Posted Friday, January 29, 2016 by Greg Tipping

How Beaufort County’s Integrated Case File Means Better Client Service

Beaufort County Department of Social Services (DSS) consistently meets federal mandates for timeliness and accuracy, works more efficiently in NC FAST, and shares client data across program areas.

So how are they doing it?

Integrated electronic case files accessible throughout the agency.

With the inception of North Carolina’s NC FAST case management system, Beaufort County DSS caseworkers shifted from a specialized to a universal worker approach where an intake or triage caseworker can help a client apply for benefits or make basic changes for any program from Supplemental Nutrition Assistance Program (SNAP) to Medicaid to Low Income Energy Assistance Program (LIEAP). Without a document management system that shares data across program areas, the client-centric approach would have been impossible.

Caseworkers no longer have to rifle through a stack of paper case files on a desk or scroll through a 100-page pdf of a case file to find a single piece of information. Anyone in the agency (with proper security measures applied to keep confidential information safe) can access the case file and key client information with the click of a few buttons.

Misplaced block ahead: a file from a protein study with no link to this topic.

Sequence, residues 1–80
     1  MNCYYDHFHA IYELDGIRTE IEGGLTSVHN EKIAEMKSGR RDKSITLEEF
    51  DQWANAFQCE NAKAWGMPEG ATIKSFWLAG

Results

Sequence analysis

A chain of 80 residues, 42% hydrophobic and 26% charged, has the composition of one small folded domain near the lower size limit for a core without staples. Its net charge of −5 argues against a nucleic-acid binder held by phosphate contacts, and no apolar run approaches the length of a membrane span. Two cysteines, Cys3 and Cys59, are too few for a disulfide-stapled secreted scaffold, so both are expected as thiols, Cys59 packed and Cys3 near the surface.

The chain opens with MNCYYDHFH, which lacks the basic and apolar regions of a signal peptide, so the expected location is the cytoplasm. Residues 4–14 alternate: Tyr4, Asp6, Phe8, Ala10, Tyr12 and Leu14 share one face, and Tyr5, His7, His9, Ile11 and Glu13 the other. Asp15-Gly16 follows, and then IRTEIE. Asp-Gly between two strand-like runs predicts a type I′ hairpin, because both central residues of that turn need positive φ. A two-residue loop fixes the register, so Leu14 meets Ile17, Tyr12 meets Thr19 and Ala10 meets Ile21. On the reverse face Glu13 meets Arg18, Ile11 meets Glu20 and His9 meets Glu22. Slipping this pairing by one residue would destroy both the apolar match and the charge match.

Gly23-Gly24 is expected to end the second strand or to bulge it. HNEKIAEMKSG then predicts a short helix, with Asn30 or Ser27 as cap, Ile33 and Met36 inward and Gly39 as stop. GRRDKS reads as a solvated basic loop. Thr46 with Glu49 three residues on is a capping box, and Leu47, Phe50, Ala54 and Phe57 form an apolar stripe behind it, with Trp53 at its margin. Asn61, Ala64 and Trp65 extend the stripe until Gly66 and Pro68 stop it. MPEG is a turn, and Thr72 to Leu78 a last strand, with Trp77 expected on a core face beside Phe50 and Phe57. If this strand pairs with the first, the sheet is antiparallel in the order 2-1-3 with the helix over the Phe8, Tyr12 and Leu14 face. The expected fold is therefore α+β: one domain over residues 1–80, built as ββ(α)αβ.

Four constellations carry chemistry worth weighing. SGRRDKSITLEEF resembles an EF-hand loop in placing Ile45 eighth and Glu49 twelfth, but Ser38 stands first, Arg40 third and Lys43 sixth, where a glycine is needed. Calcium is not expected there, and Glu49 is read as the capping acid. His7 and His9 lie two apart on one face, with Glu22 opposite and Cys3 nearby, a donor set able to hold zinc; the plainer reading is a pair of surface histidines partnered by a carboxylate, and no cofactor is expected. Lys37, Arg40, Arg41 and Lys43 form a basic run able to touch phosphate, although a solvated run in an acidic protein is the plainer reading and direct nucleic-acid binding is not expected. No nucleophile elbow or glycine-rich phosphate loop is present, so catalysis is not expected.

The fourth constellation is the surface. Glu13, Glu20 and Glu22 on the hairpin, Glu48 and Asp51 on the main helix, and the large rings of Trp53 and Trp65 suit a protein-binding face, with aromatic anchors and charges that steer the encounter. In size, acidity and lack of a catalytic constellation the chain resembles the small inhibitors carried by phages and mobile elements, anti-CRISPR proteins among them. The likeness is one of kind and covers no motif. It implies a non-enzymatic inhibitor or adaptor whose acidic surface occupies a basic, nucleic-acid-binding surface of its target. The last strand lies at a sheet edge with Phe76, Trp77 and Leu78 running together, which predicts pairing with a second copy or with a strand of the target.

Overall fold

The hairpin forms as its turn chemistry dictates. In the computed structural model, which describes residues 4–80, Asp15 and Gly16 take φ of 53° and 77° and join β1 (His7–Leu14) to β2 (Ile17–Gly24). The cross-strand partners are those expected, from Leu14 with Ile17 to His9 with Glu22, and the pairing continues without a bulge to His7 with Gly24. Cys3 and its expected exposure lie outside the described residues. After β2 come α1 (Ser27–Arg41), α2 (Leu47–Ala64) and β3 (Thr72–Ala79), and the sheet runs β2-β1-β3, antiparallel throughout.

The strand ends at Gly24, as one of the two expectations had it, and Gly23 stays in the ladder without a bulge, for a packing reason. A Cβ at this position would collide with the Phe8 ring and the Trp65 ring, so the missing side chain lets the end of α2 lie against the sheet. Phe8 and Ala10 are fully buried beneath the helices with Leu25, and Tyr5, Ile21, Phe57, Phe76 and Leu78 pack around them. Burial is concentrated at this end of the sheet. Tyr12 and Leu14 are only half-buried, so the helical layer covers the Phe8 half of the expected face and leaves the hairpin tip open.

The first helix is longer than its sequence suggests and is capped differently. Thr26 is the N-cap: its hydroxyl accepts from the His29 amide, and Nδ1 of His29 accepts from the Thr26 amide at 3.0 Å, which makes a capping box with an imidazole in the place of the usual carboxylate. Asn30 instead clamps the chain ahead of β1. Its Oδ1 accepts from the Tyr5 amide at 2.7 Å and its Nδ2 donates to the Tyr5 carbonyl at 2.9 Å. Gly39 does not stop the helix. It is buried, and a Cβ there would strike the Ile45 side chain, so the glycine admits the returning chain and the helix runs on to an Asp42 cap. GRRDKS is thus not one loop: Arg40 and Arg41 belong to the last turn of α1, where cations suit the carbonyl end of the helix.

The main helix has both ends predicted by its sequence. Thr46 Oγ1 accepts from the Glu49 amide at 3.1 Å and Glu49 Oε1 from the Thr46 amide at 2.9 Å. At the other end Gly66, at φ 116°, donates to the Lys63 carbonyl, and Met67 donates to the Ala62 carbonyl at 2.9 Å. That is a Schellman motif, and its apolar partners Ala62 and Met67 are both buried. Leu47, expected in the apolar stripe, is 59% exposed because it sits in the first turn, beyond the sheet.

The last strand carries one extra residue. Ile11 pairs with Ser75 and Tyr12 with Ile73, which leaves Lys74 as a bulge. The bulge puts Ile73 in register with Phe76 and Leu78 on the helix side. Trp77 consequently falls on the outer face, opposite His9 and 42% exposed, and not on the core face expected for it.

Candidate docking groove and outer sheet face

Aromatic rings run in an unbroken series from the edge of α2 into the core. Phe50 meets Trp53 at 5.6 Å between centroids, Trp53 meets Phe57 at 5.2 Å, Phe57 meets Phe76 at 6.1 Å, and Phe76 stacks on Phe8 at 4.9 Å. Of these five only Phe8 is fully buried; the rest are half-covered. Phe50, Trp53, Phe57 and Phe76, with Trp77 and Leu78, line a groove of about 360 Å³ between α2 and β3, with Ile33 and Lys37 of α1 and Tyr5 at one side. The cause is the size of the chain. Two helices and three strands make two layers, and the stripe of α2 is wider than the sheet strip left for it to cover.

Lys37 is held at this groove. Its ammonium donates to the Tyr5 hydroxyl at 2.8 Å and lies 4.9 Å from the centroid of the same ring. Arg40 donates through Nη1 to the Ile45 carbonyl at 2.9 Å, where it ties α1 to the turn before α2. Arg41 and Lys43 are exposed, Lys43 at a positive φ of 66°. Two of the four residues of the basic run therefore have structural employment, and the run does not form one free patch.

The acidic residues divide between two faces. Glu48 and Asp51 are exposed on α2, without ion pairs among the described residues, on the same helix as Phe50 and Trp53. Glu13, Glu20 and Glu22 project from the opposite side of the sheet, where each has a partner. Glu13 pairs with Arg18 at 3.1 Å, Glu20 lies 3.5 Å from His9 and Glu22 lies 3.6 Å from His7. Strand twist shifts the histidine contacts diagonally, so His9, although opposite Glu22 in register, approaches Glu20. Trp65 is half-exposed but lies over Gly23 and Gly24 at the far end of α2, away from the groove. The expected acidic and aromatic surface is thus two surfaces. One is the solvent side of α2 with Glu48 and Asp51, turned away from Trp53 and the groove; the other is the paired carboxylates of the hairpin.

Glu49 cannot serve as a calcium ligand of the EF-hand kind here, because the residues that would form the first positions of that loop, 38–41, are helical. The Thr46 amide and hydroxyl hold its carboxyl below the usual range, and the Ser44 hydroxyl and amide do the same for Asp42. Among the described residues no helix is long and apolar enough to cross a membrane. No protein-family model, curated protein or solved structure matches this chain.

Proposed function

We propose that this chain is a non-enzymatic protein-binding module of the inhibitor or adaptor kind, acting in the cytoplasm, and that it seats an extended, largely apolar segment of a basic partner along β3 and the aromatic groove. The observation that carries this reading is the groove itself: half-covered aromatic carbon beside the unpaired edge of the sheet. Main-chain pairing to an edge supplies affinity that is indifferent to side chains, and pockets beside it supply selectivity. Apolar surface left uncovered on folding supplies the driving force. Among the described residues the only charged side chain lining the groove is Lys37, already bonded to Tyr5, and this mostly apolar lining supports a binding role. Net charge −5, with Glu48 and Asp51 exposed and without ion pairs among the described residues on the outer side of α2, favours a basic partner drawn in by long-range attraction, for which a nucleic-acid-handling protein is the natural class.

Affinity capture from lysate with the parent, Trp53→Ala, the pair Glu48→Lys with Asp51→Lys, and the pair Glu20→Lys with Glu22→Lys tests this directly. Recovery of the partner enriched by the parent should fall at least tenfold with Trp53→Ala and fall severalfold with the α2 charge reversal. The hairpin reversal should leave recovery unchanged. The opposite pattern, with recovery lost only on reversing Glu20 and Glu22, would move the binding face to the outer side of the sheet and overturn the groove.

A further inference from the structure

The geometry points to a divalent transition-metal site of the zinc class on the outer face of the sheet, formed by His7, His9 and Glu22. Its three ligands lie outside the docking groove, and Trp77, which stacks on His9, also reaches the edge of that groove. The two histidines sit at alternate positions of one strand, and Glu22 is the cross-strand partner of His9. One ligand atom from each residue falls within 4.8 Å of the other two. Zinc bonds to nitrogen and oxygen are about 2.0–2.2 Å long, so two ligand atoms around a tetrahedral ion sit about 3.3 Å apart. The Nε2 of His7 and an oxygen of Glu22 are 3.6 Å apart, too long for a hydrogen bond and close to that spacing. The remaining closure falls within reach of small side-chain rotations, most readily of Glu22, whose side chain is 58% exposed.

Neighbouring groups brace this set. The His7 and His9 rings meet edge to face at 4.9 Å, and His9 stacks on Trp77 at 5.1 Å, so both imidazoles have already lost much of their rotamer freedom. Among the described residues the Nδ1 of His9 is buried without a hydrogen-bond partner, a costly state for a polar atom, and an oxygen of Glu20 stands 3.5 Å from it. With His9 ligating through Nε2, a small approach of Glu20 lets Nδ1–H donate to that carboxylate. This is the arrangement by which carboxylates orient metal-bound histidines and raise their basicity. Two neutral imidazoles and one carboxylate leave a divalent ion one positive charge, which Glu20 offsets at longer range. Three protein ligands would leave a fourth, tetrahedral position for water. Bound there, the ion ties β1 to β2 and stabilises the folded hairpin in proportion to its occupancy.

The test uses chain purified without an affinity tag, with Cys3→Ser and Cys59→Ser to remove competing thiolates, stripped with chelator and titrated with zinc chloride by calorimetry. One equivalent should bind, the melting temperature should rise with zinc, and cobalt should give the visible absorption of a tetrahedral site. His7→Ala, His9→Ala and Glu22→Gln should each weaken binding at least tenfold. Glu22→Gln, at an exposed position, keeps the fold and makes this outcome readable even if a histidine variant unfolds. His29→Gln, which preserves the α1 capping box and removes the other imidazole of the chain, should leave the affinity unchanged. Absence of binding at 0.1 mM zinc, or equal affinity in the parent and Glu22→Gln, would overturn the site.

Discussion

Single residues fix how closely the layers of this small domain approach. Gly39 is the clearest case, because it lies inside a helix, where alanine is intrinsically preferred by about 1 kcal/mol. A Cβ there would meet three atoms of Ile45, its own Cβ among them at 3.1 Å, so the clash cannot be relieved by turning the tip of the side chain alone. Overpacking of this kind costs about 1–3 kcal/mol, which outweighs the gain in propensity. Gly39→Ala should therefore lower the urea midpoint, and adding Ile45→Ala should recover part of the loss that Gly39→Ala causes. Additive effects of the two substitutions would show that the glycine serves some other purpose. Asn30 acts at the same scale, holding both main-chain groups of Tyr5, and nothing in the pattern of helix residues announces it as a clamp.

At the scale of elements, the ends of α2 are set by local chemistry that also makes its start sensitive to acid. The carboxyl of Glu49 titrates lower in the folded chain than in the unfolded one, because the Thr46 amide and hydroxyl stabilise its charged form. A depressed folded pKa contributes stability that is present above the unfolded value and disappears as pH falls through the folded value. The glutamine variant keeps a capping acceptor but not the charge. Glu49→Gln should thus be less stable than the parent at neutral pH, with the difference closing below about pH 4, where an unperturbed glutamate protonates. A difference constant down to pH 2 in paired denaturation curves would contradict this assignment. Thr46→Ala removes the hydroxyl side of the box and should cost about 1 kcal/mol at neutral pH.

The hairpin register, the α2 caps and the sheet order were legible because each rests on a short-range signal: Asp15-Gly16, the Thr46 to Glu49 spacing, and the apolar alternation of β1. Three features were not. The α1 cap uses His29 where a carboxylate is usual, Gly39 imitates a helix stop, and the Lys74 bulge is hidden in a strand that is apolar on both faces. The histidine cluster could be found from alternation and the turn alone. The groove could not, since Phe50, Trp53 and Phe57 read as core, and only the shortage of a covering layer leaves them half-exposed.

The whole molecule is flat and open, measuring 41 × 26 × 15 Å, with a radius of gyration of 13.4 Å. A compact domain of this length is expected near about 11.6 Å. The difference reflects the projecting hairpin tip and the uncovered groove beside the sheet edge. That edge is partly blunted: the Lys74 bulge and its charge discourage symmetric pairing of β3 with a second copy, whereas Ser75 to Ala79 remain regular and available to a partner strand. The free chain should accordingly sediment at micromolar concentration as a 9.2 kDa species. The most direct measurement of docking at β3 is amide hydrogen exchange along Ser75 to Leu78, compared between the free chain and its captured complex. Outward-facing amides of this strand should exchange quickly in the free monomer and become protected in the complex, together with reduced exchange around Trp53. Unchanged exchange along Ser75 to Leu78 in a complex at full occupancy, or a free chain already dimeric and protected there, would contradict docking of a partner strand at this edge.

In addition, adult services and child welfare social workers can access data traditionally “owned” by income maintenance workers in Medicaid and food and nutrition services. (The reverse view is not case because of the sensitive nature of protective services information, especially abuse reports or adoption records.) The workers can see if children or adults are receiving benefits. Social workers know the household makeup and who is receiving Medicaid.

How does an integrated case file help Beaufort County?

Better Client Service

  • Clients can talk to one caseworker to apply for multiple programs, or update information for multiple programs at the same time. Clients receive benefits more quickly.
  • Clients don’t have to provide the same information over and over to multiple workers. Clients are less frustrated.